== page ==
LBO Model - effective date vs closing date

Trying to get my head around a problem and unable to source a real solution.

In a modelling test scenario, what is the best way to tackle a question where you are given a both the actual closing date and a transaction reference date (the reference date being the most recent FYE for the business). So FYE is Q3-22, and the transaction closes at Q4-22 with a Q3-22 reference date. 

Initial thoughts are that this require modelling a stub for the remaining 3 quarters (Q1-23, Q2-23, Q3-23), but in theory would you also be entitled to cashflows from the first quarter but not have the impact of debt expense for that quarter or am I over complicating this? In addition, does anyone know a good template that has a stub built in - the only one I've seen is Macabus which is far overengineered for a typical 3h LBO modelling test.

Thanks all


No you would not be entitled to the cash flows or the interest expense until the deal is closed and dollars are out the door you don’t own the business. You don’t have the right to cash flows on the business and until the lender funds the money they don’t start accruing interest. Correct would be to model a stub period for the remaining three quarters. Easy way to do this would be to multiple all relevant cash flow items by 75% or would create a toggle that says % of base year elapsed or something to that effect and multiple everything by 1-the toggle (in this case would be 25%). Should get the job done and be quick enough for a modeling test. FYI your IRR calc should start at close date not reference date as well since that is when money goes out the door and the clock starts.


Understood on your response, thank you. However, if making a simplifying assumption, and assuming the transaction is done under a locked box mechanism my thought was that you wouldn't even need to break down the year of the transaction into pre-/post-closing since you would be entitled to all earnings since the locked-box date (the FYE in this case). Only for the IRR and debt calculations you would have to take into account the closing date but not for the 3 statements. Maybe also including an interest payment on the purchase price from locked-box date to closing.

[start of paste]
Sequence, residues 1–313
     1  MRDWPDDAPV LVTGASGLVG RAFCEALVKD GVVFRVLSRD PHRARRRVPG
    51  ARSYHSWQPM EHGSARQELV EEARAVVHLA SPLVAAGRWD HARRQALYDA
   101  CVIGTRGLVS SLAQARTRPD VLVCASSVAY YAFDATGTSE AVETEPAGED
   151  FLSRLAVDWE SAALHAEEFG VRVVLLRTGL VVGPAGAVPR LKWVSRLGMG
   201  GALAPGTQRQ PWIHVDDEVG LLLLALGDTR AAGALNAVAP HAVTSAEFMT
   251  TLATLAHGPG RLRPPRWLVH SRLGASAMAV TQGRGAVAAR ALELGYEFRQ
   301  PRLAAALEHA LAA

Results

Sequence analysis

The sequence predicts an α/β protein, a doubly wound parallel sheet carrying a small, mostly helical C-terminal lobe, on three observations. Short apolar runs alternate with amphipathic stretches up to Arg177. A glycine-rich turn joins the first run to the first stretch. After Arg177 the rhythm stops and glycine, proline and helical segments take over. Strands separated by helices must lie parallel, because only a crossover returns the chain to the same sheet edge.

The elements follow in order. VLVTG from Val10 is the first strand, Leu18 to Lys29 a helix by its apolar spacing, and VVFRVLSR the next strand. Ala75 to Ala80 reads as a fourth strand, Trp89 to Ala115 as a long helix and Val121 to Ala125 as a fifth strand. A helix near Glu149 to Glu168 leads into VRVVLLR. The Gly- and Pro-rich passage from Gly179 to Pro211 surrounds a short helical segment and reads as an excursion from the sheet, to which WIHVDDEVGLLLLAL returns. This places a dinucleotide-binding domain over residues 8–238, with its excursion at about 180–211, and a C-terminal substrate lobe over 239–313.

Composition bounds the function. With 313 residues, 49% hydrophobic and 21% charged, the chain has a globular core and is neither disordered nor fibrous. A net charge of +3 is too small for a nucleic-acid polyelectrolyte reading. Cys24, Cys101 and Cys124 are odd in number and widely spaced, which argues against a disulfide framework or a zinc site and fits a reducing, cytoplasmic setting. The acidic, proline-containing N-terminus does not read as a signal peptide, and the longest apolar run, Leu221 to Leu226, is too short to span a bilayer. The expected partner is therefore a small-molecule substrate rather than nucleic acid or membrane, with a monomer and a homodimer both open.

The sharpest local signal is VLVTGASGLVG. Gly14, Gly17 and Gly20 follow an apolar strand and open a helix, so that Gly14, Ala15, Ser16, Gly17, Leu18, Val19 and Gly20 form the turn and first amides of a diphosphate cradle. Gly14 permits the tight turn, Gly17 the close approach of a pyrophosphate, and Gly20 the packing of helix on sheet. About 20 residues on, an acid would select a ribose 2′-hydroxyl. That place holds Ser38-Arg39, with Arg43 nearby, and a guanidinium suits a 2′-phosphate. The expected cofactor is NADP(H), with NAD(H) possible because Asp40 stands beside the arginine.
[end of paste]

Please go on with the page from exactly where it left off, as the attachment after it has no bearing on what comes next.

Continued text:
With respect to your solution above this would be the case with closing accounts, where you would break down your financial statements into pre-/post closing periods within the year of the transaction, and you would only be entitled to the post-closing earnings.

So essentially the question is, when given the option, is there an easier method than just stubbing out the year?


I agree. Also makes sense from my perspective.

You are entitled to receive the cash as the buyer in locked-box anyway and as a compensation towards the seller you are paying an interest on purchase price, which should more or less equal the cash generation during the period between the reference date and closing. In the end you are financing the cash via debt/equity.

Did you hear any other opinions in the meantime?


Your cash-in (EBITDA) and cash-out (interest) start from closing date. If that is FY 2022 (with effective date being 1/1/2022), I would start at FY 2022 also to match your actual equity contribution with your investment period to get to a true IRR. This is under the assumption that locked-box interest and cash generation cancel eachother out. 

Using the timing of the locked box accounts will be wrong in any case as your equity contribution isn't done until closing. 


With the caveat that there may be NWC swings which won’t be compensated for (yes it’s in the peg but that’s only the normalised level and doesn’t compensate for closing cash)


**** Let's assume I acquire a company via a buyout with locked-box date 31/12/21, sign the deal on 01/06/22 and close it on 01/09/22. Purchase price interest until closing and no recent financials post FY21 assumed ****

How would you apporach this? I would still use the BS FY21 and build the FY21PF view (with all the buy-out adjustments) and then project for FY22 from there on. I agree about the IRR calculation of course and adjustment for interest expenses of course.


In locked-box the purchase price is calculated based on the locked-box BS on the reference date (here: 31/12/21), but you would suggest to then build a BS for the closing date (here: 01/09/22) and make the pro-forma adjustments on it? This would be the right approach for Closing Accounts, but I dont see how this works for locked-box.

You would need to project the BS based on the locked-box financial statements and then make BS adjustments that are based on new BS positions that dont fit to the intial purchase price calculations?

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